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Guidelines for Powerpoint Design

General advice

Ambiguous language (sentence fragments, passive voice, unclear defnitions) weaken important material.

Clipart has no content in it and won’t get any points across.

Never read aloud from slides

  • It is better to have slides with only images on them and talk about the images dynamically with the audience. That way, they pay attention to what you say and don’t just ”zone out” staring at the text.
  • Keep text at a minimum: use it to show keywords or phrases and then elaborate verbally (not textually) in your talk.

Do not paste whole paragraphs on the slides.

Printed handouts are better.

Creating a new slide

Click on the “new slide” button in the top toolbar

A dropdown menu should appear where you can pick the basic layout you would like to use.

Changing colors, designs, and formats

Click on the “design” button in the top toolbar

A menu should appear with many different designs.

Do not use any designs with:

  • An elaborate background
  • A dark background
  • A brightly colored background

Use backgrounds that have light colors. This will make them seem cleaner

Do not use bold color schemes. Use muted ones so it does not distract from your text.

To add images

Go to “Insert” --> “Picture” --> “from file…” and select your image.

Powerpoint’s strong point is displaying graphics while you give your talk, not showing you what you should say.

Adding your own shapes

Go to “insert” --> “picture” --> “autoshapes”

Select the type of shape you want, usually under “basic shapes”

Click and drag the area you want the shape covering

Double click on the shape to change the color and border


Limit your animations to circles to emphasize either anomalies in data, curiosities, or your main target.

Click on the part you wish to animate

Go to “slideshow” --> “custom animation”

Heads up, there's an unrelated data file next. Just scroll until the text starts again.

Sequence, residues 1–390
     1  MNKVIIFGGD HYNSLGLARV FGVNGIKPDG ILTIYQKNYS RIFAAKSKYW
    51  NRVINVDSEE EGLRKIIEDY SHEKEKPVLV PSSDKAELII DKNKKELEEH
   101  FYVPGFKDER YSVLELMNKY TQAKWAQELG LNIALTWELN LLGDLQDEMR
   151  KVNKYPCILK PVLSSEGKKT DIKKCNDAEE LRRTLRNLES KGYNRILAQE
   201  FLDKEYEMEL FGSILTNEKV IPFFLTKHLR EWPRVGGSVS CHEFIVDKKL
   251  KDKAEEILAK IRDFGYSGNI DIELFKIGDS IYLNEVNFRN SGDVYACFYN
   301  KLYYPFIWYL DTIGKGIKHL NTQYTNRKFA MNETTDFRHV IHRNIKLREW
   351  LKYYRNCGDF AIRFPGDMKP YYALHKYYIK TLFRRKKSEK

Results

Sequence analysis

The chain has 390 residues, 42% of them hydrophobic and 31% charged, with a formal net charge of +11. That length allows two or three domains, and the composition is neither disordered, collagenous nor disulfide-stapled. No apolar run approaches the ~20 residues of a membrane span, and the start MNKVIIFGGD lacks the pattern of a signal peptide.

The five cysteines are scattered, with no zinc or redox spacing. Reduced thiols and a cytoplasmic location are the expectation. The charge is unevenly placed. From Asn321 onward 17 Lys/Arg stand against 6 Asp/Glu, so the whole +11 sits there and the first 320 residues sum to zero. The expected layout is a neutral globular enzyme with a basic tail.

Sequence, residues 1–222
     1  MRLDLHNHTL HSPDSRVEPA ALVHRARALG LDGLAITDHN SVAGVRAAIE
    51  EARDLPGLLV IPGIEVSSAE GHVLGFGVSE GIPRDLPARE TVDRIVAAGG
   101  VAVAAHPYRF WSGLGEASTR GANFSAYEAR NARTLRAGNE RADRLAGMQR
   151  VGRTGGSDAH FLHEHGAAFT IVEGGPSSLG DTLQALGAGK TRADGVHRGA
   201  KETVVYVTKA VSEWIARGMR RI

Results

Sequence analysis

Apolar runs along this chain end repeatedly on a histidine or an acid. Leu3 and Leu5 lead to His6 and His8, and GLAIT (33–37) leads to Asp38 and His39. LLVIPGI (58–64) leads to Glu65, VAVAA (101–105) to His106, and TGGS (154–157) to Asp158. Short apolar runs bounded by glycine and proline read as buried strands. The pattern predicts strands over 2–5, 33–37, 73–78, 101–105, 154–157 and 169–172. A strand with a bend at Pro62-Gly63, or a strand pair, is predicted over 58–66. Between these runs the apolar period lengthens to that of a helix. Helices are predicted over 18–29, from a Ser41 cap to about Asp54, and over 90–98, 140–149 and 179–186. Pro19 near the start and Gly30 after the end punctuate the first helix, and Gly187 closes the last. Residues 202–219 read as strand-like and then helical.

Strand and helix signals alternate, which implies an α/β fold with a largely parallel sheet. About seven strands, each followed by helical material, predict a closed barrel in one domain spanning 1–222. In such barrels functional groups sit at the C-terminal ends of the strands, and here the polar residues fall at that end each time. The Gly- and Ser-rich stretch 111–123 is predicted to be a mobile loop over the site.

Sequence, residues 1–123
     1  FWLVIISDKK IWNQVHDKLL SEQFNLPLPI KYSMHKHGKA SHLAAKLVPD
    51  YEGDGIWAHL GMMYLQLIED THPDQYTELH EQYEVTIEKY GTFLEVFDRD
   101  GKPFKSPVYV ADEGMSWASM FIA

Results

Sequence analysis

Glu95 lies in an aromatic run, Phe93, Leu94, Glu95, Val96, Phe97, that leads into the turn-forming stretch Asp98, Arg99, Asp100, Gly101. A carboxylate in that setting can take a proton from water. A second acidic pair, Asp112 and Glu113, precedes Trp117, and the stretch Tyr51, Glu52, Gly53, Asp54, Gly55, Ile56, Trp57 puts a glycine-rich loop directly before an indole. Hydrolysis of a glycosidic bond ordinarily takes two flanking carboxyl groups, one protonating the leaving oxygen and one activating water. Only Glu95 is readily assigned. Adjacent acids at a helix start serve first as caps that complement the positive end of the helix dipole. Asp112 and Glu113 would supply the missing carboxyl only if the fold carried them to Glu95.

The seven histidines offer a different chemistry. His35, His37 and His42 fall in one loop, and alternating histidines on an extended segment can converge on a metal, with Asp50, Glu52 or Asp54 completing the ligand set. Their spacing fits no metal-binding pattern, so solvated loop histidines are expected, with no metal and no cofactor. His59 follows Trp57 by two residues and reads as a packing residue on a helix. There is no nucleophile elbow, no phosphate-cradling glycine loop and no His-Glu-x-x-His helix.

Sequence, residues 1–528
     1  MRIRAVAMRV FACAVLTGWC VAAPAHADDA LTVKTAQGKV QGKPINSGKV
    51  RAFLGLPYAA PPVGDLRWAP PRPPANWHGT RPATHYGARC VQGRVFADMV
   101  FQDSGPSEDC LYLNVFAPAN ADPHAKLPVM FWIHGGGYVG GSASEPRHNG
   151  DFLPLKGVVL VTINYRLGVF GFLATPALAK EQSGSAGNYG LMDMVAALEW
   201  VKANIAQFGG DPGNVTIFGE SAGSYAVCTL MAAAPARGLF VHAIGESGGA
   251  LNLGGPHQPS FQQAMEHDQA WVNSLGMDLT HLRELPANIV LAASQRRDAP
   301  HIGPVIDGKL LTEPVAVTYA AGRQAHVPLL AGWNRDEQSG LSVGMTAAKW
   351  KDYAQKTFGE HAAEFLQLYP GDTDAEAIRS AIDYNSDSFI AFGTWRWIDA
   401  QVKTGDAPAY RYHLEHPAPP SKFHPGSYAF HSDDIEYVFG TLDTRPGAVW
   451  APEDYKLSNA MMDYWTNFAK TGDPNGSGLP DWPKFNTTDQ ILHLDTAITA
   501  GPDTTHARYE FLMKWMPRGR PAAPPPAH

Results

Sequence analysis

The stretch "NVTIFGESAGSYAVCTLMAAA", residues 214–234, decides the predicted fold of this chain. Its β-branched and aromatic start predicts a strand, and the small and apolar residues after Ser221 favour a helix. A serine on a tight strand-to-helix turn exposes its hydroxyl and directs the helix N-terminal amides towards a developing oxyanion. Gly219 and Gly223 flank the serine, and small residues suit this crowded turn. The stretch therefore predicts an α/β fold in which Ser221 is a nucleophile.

In the new menu, go to “add effect” --> “entrance” --> “more effects” --> “appear”


Avoid leaving orphan words: words that, though are part of a sentence, are alone on a line.

^ exactly like that.

Sans serif fonts are good for titles

Oldstyle fonts are good for content

Keep your fonts and sizes consistent throughout the presentation

Inserting data

Use tables if your data is simple enough.

Graphs are alright as long as you don’t make them too confusing (no 3-d graphs)

If you have tables that don’t fit on the slide, include them in your handout.

Go to “Insert” --> “Chart” or “Insert” --> “Table” depending on what you want.

Color Schemes

Use muted colors. This way they don’t distract from the background, but still say that you put more thought into this than the last minute.

To change the color scheme, go to the design menu and click on “color schemes.

To customize them, click on “edit color schemes” at the bottom.

Make sure the colors don’t clash and it does not hurt your audience’s eyes.

Bullet lists

Bullet lists are typically too generic. They can communicate only three logical relationships: priority, sequence or simple membership in a set (however nature of the relationship remains unnamed)

They leave out critical parts of a plan and simplify what should be a complex bit of information into a brief list with not a lot to say.

Using multiple hierarchies of bullet lists makes the content extremely choppy and non-narrative.

Further Reading

Edward Tufte, The Cognitive Style of Powerpoint

Templates are also available: